How a Bill becomes law AP Gov

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Bill
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is a proposed law that is enforced the executive branch. However, not all laws are criminal statures. “be it enacted”
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Resolution
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a declartion of congress, like war
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1. Bill to law step one-Proposal
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Anyone can propose a bill. Most legislation is proposed by members of congress or executive branch. Lobbyists & special intersts groups propose bills as well. All revenue and appropriation bills MUST start in the house.
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2. Step two- Introduction or “sponsorship”
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A member of Congress has to introduce the bill in either house. On average about 1000 bills become law. This introduction is called the “first reading” but only the title and Bill # are read outloud.
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2a. Introduction in the House of Reps
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A bill must be physically given to the clerk of the house, called “dropping it in the hopper”
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2b. Introduction in the Senate
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Bills are introduced during “morning hour”. This is between 12 and 2pm. Also the senator must introduce the bill to the senate clerk verbally.
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3. Standing Committee
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Committee is supposed to make congress more efficient. Bill goes to Committee who can do the following: 1) Refer the bill to the appropriate committee 2) Public hearings 3) Mark up sessions (analyzation of bill) 4) Committee action
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3a. goes to rule committee who “acts as the traffic cop”
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They screen out unspported/inessential bills.This determines how a bill will be elected in the house. They make two decisions: 1) can decide which calender a bill is placed on (can kill it) 2) Decide rules that apply for debate such as either “closed rule” or “open rule”
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3b. Definition of open/closed rule + calenders
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Open rule- anyone can add amendments on the floor closed rule- only members of sponsoring commitee can edit bill 4 types of calenders: 1. Union- revenue/appropriations 2. house- all other public bills 3. Private- bypasses the rule committee, so its the fast track. aimed at private individuals. 4. Consent- bills that require little debate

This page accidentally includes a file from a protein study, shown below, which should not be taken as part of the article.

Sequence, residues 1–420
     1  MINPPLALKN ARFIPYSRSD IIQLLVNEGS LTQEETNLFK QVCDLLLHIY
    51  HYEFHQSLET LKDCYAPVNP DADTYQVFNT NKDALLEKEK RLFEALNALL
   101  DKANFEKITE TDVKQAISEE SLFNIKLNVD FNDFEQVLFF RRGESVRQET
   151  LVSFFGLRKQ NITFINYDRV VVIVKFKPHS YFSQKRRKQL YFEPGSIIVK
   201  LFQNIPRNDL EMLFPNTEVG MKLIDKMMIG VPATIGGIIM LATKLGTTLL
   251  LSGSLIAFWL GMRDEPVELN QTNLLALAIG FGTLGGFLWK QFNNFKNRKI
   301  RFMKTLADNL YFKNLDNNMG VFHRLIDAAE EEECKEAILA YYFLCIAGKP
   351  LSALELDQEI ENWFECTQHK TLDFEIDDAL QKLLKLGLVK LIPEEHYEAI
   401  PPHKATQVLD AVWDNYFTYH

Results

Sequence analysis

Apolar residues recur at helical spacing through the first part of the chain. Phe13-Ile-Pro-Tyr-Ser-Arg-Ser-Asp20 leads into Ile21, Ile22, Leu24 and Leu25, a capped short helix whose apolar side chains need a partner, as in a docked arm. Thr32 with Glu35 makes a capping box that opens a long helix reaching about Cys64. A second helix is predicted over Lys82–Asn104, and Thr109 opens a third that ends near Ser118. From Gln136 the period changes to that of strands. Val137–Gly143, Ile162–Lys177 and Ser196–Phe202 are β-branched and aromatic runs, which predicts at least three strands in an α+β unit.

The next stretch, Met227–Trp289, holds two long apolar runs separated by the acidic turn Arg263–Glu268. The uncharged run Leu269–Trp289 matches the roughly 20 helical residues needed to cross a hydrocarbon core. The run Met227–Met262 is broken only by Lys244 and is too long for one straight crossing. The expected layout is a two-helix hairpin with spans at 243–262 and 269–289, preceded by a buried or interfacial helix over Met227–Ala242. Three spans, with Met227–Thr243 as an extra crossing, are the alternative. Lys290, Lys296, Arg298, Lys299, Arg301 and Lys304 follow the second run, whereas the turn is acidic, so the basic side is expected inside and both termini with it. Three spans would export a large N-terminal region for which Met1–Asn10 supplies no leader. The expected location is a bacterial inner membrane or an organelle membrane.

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How to bypass the rules committee
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suspension of rules- need 2/3 of those present and needs to be recognized by speaker Calender weds- Try skip the rules committee Discharge petition- demands that a bill be released by rules committee (almost never happens)
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4. Floor debate (for the house)
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Every measure on union and house calender is seen by the Committee of the Whole (entire house). There is equal time between minority and majority leaders, who pick who will debate for their party. The speaker often designates a senior member who is familiar with the bill to be the presiding officer. This allows for a faster and open debate, which is the purpose of the Committee of the Whole.
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4b.Senate Debate
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No time limit on debate…allows fora filibuster which means the speaker stalls the vote through endless talking. To invoke the cloture rule and end a filibuster, 3/5 of the senate must agree on it. The number used to be 2/3.
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5. Vote
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Three kinds of vote: Voice vote- all those in favor ay…there’s no paper trail Rising vote- Stand if in favor … again no paper trail Recorded Vote- name and vote are recorded
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6. Goes to conference committee
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Irons out any differences between the bill that was approved on one house and the bill approved in the other
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7. Presidential options
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1-Can choose to make it law by signing it 2- can do nothing and it will become law in 10 working days 3- can formally veto it and must state why *2/3 of congress vote needed to override veto (rare) 4- Pocket veto if congress has adjourned before 10 days, he doesnt have to say why he vetoed the bill

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